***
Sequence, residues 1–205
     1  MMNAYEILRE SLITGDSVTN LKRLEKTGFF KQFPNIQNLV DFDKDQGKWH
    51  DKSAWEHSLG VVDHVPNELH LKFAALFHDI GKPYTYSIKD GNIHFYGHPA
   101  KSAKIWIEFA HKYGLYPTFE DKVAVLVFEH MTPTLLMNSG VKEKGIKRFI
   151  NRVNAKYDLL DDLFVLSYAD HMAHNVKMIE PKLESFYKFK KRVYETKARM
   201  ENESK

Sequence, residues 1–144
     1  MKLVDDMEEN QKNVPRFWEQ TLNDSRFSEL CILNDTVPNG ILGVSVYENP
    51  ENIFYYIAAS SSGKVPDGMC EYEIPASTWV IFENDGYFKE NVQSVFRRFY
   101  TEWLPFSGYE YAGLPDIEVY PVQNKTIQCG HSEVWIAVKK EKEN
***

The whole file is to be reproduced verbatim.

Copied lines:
Sequence, residues 1–205
     1  MMNAYEILRE SLITGDSVTN LKRLEKTGFF KQFPNIQNLV DFDKDQGKWH
    51  DKSAWEHSLG VVDHVPNELH LKFAALFHDI GKPYTYSIKD GNIHFYGHPA
   101  KSAKIWIEFA HKYGLYPTFE DKVAVLVFEH MTPTLLMNSG VKEKGIKRFI
   151  NRVNAKYDLL DDLFVLSYAD HMAHNVKMIE PKLESFYKFK KRVYETKARM
   201  ENESK

Sequence, residues 1–144
     1  MKLVDDMEEN QKNVPRFWEQ TLNDSRFSEL CILNDTVPNG ILGVSVYENP
    51  ENIFYYIAAS SSGKVPDGMC EYEIPASTWV IFENDGYFKE NVQSVFRRFY
   101  TEWLPFSGYE YAGLPDIEVY PVQNKTIQCG HSEVWIAVKK EKEN